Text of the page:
Depending on what make you buy (Benz, in Dad's case), free charging for 2 years at public charging stations

Quiet, so you can sneak up on pedestrians

Green halo

Some cons:

Limited public charging stations, and they can be slow so there are increasing queues as EVs become more popular. Hope you like waiting.

Home charging can be slow unless you have a 3-phase line

Limited range, and you can't just hitch a ride to the nearest service station to buy a can of fuel or an armload of batteries to get going again when the charge runs out.

Expensive replacement batteries

In some markets, living with the knowledge that you're basically a tax thief (sorry Dad!) for having taxpayers subsidise your EV purchase*

*This doesn't seem to bother some people

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Posted in: Australia's largest carbon emitter to exit coal by 2035 See in context

This will operate in conjunction with a "Super Grid" combining solar and wind.

No Fairies in sight.

LOL. You might need to get your eyes checked.

Hydro, fine, but is it going to be enough to provide sufficient baseload power at all times for the entire state?

As for the so-called Super Grid, I stand by the fairyland comment. This will not be able to provide reliable energy at a reasonable cost, nevermind the material and energy inputs and disposal costs this equipment involves, including toxic metals, and their relatively short service life. Everything has an opportunity cost, which the economic illiterates who pitch these projects fail to show properly - either out of ignorance or, sometimes out of outright deceit. If the public were told the truth about these renewables projects, they'd baulk assuming they can grasp basic economics. The government is relying on the hope that most people won't think about the issue too deeply, and sadly they'll probably get their wish.

And remember this is the QLD Labor government promising this. The same one wanting to host the 2032 Olympics. Where's all this money coming from? Big on pipe dreams, big on budget blowouts.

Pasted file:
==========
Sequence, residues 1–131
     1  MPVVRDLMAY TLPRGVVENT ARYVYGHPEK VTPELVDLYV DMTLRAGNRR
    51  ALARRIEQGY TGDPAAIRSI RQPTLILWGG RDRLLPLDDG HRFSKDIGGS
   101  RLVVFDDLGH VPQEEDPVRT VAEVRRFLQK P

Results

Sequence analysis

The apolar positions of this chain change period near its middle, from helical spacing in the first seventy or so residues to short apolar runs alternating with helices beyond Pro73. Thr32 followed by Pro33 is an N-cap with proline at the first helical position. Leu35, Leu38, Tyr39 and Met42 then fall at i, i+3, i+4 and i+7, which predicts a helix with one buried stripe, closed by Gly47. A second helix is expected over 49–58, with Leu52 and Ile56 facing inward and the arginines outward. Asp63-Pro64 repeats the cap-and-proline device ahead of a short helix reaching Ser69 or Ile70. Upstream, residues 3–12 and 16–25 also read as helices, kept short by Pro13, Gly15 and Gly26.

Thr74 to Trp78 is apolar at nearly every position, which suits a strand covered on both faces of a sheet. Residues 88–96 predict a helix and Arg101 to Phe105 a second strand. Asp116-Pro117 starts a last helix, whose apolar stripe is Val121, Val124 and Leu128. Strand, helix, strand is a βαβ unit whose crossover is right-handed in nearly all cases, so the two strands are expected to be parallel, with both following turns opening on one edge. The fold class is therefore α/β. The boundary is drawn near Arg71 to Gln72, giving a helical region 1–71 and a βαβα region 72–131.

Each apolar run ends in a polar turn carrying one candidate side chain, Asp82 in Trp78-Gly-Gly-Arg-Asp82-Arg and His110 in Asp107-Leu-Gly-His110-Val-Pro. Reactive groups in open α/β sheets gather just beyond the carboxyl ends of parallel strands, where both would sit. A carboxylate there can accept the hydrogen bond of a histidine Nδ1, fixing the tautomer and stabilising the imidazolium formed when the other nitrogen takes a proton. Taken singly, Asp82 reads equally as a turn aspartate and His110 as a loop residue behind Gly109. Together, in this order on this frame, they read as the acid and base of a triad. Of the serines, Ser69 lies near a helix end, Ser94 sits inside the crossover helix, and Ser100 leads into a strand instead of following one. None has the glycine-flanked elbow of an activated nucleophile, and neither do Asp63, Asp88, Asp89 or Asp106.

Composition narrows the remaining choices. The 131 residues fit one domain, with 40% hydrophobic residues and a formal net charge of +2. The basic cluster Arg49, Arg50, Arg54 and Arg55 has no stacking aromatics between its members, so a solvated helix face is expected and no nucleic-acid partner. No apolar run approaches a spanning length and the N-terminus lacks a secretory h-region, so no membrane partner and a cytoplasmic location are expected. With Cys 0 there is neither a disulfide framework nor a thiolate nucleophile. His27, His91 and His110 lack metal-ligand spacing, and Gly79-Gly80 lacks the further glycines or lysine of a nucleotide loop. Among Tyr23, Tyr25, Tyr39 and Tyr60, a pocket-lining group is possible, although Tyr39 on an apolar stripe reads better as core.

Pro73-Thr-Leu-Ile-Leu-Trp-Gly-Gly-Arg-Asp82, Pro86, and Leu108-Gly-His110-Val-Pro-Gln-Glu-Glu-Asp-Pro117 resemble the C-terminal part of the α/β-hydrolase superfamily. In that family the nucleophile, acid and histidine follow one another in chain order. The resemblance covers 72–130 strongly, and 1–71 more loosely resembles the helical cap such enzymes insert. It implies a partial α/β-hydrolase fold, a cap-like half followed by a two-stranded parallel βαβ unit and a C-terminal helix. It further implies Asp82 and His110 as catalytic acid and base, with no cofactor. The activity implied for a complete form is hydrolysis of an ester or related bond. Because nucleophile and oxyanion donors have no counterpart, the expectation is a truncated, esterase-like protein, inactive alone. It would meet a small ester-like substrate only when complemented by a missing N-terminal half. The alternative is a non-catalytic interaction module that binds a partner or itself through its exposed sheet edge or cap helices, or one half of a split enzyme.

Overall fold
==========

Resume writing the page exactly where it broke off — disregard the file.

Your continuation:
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Posted in: Australia's largest carbon emitter to exit coal by 2035 See in context

Unless they can get the government to toss out the moratorium on nuclear power, which they won't, AGL is writing its own death certificate with this decision. They've swallowed the whole Agenda 21/2030 Kool Ade, condemning themselves and their customers to sporadic energy supplies in the near future.

Of course there's still a little time to abandon the crazy and pursue stable and affordable energy, especially if they get a wake-up call from what globalist European "leaders" have in store for their citizens this winter.

But I doubt that AGL's directors will have the wisdom to heed the warnings, as these are the same people who've led the company down the path to renewable fairyland in the first place.

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Posted in: 'Blood on your hands' if world steps back on tackling COVID now: WHO official See in context

Aly, I agree with your first paragraph, but for the second, I think the developing world is growing wary of the WHO and various other UN arms and NGOs. Plenty of them promise the world, yet deliver little in the way of benefit once all the hangers-on have taken their cut - and not infrequently deliver projects that do more harm than good.